The maintenance of internal order and the Shah’s strategic plan of having an army capable of fighting a delaying action of sufficient duration to permit the Shah and some of his forces to retire to the south where they could carry out guerrilla warfare, requires an Iranian army presently numbering approximately 130,000 men, but with an authorized strength of 150,000 men. While the maintenance of this force imposes a considerable burden upon the resources of the country, it is considered necessary for direct security purposes and to give to the people a degree of confidence so that they will not give way to Soviet pressures short of all-out attack.

problems of external security

In 1945, while the area was occupied by Soviet troops, the Soviet Union sponsored the creation of a puppet regime in Azerbaijan which it supported by force against the attempts of the Iranian Government to restore order. The Soviets also refused to fulfill their treaty obligation to withdraw their troops on a specific date and remained in occupation of Azerbaijan. It was largely because of the strong position taken by the United Nations and particularly by the United States that these forces were withdrawn, and it is probably only because of Russian fear that such precipitous action might result in war that the USSR refrains from armed invasion at the present time. The Iranian forces now under arms or any potential force which might be mobilized could do no more than briefly delay overt Russian aggression.

The Iranian Government has steadfastly resisted Russian demands. It has brought before the United Nations problems relating to its security and has received the overwhelming support of non-Soviet countries.

iranian assistance to other countries in the area friendly to the united states

The Iranian Government has repeatedly requested that Iran be included in the North Atlantic Pact or in some other regional arrangement underwritten by the United States, under which Iran would participate with other countries in maintaining security. As in the case of similar requests by Greece and Turkey, however, we have taken the position that the United States Government is not prepared at this time to extend its commitments in further regional pacts of this type. It is believed that in time of crisis Iran would render to the United States and other friendly countries whatever support it could provide.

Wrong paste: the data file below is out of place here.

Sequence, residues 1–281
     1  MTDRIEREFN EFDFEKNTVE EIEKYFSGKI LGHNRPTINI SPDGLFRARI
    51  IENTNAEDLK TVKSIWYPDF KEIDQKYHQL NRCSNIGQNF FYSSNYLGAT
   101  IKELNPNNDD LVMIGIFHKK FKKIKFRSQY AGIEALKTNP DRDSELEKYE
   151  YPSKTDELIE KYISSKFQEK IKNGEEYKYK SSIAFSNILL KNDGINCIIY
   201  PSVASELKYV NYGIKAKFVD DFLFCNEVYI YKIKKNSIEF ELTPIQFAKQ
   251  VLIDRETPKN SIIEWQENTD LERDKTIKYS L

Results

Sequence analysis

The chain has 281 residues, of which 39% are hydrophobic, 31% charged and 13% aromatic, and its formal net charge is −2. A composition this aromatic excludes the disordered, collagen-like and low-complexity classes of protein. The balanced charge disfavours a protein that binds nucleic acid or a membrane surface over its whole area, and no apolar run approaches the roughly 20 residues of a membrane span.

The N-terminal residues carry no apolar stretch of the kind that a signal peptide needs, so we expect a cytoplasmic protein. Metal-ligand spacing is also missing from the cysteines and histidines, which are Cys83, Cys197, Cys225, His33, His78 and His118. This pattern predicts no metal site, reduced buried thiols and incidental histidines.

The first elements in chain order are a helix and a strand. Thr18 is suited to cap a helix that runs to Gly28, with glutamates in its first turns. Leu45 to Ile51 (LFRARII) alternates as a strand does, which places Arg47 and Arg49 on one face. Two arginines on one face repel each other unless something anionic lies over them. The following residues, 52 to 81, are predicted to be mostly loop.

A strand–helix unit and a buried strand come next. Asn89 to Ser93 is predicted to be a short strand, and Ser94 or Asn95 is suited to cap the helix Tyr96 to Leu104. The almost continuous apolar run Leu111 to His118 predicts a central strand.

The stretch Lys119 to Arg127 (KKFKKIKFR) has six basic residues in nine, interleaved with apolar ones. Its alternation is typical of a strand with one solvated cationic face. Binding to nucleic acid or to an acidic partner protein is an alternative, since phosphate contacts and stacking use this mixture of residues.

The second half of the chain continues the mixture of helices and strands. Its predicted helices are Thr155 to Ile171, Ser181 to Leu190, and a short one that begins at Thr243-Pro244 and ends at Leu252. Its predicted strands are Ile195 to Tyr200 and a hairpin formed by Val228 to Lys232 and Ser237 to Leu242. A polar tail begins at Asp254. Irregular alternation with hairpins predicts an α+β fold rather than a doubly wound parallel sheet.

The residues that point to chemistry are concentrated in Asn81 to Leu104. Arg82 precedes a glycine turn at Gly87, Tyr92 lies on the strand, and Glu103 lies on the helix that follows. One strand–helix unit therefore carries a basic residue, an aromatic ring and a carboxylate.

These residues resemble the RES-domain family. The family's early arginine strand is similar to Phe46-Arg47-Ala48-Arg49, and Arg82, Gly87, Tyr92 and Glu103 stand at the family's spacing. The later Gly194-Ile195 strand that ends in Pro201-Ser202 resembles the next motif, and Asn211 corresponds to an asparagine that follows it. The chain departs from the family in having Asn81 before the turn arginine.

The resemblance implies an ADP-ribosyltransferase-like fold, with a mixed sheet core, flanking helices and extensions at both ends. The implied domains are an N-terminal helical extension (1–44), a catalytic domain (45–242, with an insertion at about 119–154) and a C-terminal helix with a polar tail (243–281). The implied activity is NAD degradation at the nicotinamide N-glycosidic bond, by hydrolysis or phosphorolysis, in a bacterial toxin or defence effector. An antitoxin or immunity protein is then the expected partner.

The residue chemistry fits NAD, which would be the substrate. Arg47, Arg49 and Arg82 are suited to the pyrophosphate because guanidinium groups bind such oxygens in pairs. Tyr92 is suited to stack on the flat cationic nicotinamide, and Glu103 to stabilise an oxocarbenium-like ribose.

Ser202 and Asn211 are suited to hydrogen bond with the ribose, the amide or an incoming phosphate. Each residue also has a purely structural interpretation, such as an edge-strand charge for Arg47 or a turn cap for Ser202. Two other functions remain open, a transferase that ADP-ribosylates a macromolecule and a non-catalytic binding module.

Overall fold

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action recommended

The attainment of American objectives in Iran will require the continued extension of effective United States military assistance to that country; the extension of technical and advisory assistance under Point Four, Smith-Mundt and Fulbright programs; support of Iranian requests for economically justified International Bank loans for development purposes; and continued diplomatic support before the United Nations and otherwise as may be needed.

The Iranian Government and people consider themselves closely aligned with the West and have shown no tendency to weaken in their resistance to communist pressures. It is considered certain that any military aid rendered by the United States to Iran would, so long as Iran remains independent, be used to achieve American objectives in that country.

Military aid authorized for Iran in FY 1950 represents only a small amount, sufficient only to provide items of the highest priority required by the Iranian forces. The program contemplated for FY 1951 likewise will be confined to relatively few essential items. To the extent that these programs materialize they will avoid a drain upon Iranian foreign exchange resources which otherwise would be required in obtaining necessary items of military equipment. The program as contemplated would not be prejudicial to economic and social progress. The supply of military equipment to Iran will have an extremely beneficial psychological effect as it will provide evidence of the determined attitude of the United States in giving material as well as moral support.

general nature and extent of proposed military assistance

The small military program proposed for Iran will have greater psychological results than the accomplishment of appreciable improvement in the military potential of the country. While, therefore, it is largely justified on the basis of its morale effect, the equipment is needed to enable the army effectively to prepare against possible internal disorders precipitated by Russia. The program would improve the confidence of the Shah and of the Iranian leaders in the ability of the army to resist, at least temporarily, anything short of an all-out attack. It is probable that this assistance would have an appreciable effect on the Iranian Army’s resistance even in the event of a direct attack, since knowing it has proper equipment and that the United States is interested in its success, it would have a will to resist not in evidence in the past.